Tuesday, March 28, 2017
   
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Days of the Week in Polish Calendar: Origin and Meaning

The origin of the names of the days of the week in Polish calendar is different than in the English calendar. The days of the week do not take their names from the planets and their gods like Sun-day or Moon-day in English calendar. The names of the week in Polish calendar are Slavic and they either signify the position of the day (its numeral value) in the calendar - for instance the fourth day (in Polish: czwarty) means Thursday (Polish: czwartek) or the activity during this day: Sunday (Polish: niedziela), comes from the word "do not do" meaning that this day is not a working day. The names of the week are not written with the capital letter in front like in English.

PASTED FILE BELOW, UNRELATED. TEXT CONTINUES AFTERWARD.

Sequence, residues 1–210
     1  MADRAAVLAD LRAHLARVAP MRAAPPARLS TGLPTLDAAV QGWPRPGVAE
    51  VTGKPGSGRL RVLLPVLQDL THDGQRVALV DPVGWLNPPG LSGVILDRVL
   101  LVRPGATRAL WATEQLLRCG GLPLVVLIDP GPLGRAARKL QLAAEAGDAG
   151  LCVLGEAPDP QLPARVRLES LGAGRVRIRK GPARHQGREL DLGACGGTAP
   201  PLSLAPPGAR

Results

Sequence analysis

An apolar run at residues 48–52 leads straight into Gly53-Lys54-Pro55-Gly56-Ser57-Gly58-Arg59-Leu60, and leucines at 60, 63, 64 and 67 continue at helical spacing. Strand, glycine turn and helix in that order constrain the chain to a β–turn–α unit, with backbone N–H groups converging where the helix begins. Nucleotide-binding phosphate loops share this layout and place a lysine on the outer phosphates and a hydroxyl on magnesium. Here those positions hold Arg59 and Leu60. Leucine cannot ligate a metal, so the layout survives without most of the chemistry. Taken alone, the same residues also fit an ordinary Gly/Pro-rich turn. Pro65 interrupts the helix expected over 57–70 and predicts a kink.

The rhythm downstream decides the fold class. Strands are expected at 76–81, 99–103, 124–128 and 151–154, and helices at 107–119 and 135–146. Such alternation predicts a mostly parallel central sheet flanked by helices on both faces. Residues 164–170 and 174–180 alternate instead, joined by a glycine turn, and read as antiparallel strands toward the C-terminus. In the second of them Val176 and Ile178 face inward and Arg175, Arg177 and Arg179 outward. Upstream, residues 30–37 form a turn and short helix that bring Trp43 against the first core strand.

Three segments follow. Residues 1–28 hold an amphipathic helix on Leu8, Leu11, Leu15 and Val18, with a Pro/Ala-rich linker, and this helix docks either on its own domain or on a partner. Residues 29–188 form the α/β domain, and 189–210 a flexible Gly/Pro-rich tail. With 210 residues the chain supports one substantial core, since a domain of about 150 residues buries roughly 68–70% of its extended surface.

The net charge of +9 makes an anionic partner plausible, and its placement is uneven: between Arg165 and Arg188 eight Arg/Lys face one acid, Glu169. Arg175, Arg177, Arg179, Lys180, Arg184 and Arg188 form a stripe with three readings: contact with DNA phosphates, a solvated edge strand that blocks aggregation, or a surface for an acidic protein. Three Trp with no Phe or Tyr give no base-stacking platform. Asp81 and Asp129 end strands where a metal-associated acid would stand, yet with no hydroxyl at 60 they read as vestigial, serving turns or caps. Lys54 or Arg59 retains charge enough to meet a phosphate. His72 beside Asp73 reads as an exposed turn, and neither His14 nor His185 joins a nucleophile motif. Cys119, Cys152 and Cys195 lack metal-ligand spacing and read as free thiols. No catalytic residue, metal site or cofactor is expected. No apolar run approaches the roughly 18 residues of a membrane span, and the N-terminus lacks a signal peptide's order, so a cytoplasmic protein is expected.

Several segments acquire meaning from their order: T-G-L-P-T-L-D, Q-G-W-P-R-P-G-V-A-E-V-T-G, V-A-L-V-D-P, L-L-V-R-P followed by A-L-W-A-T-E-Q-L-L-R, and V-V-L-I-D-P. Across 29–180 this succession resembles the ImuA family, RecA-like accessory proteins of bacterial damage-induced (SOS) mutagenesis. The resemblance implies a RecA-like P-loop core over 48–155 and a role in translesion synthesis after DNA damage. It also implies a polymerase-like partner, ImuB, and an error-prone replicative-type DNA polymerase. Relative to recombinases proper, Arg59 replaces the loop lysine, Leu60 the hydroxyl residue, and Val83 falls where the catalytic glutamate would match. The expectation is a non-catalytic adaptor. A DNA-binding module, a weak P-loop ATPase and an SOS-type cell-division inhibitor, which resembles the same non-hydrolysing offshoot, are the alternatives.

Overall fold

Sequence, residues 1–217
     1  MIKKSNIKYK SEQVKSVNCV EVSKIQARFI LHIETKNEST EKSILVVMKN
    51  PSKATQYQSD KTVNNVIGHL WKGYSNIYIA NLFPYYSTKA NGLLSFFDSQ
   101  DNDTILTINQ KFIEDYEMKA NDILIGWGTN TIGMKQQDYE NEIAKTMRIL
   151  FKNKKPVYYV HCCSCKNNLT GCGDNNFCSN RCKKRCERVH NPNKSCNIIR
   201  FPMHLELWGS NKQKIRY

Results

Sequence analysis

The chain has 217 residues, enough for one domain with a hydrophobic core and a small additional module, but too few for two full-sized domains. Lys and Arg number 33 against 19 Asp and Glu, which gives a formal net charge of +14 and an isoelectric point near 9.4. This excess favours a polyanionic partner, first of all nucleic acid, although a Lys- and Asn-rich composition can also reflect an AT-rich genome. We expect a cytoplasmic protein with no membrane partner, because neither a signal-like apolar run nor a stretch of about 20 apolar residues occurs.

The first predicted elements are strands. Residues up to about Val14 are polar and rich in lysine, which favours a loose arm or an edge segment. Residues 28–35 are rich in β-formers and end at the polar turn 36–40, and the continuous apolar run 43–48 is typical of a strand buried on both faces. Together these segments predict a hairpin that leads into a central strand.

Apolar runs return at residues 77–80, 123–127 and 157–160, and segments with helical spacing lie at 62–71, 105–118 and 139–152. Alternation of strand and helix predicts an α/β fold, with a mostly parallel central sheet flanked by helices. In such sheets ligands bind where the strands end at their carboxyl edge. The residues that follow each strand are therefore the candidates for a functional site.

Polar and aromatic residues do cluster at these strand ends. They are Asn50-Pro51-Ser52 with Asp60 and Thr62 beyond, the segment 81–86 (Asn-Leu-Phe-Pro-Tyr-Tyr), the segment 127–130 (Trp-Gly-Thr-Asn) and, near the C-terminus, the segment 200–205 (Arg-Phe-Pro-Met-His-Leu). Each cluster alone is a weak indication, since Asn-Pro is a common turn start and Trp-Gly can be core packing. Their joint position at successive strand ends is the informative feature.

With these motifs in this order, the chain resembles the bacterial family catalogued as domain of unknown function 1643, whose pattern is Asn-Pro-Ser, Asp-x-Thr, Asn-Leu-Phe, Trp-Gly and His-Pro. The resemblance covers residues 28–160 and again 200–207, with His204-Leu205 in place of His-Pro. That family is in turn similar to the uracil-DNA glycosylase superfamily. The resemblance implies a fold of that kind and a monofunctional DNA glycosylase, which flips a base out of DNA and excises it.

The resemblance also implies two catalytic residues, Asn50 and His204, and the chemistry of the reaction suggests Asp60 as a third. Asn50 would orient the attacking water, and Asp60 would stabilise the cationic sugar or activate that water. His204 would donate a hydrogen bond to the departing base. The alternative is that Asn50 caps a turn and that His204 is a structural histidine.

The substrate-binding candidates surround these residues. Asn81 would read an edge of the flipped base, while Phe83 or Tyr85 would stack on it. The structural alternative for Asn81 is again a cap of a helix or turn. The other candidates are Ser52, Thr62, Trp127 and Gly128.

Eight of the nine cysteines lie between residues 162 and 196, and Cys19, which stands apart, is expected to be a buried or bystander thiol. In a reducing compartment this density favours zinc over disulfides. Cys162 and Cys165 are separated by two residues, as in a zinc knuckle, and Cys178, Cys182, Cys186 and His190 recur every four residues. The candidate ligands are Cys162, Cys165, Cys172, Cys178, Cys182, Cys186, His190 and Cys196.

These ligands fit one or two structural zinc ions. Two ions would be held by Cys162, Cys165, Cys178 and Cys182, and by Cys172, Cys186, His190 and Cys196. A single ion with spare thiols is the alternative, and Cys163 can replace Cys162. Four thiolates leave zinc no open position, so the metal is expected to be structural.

The week in Polish, called tydzień, starts with Monday, but the Monday name origins from Sunday... below is a detailed description

  1. Poniedzialek (Monday) - po niedzieli means "after Sunday" in Polish po niedzieli. Read the article about Easter Monday
  2. Wtorek (Tuesday) - wtory means "the second" in Polish: wtóry or drugi. Read the article about Paczki's (Pounchki) Day; Delicious Food for Fat Thursday &Tuesday
  3. Środa (Wednesday) - w środku means "in the middle" (of the week)
  4. Czwartek (Thursday) - czwarty means "the fourth", in Polish "czwarty" day of the week
  5. Piątek (Friday) - piaty means "the fifth", in Polish "piąty" day of the week. Read the article about Good Friday
  6. Sobota (Saturday) - Sabbath it originates from Jewish Sabbath like Spanish sobado or Russian subbota
  7. Niedziela (Sunday) - nie dzialać means "do not work" or "not a working day" since Sunday was a day when people did not do any physical work. Read the article about Palm Sunday
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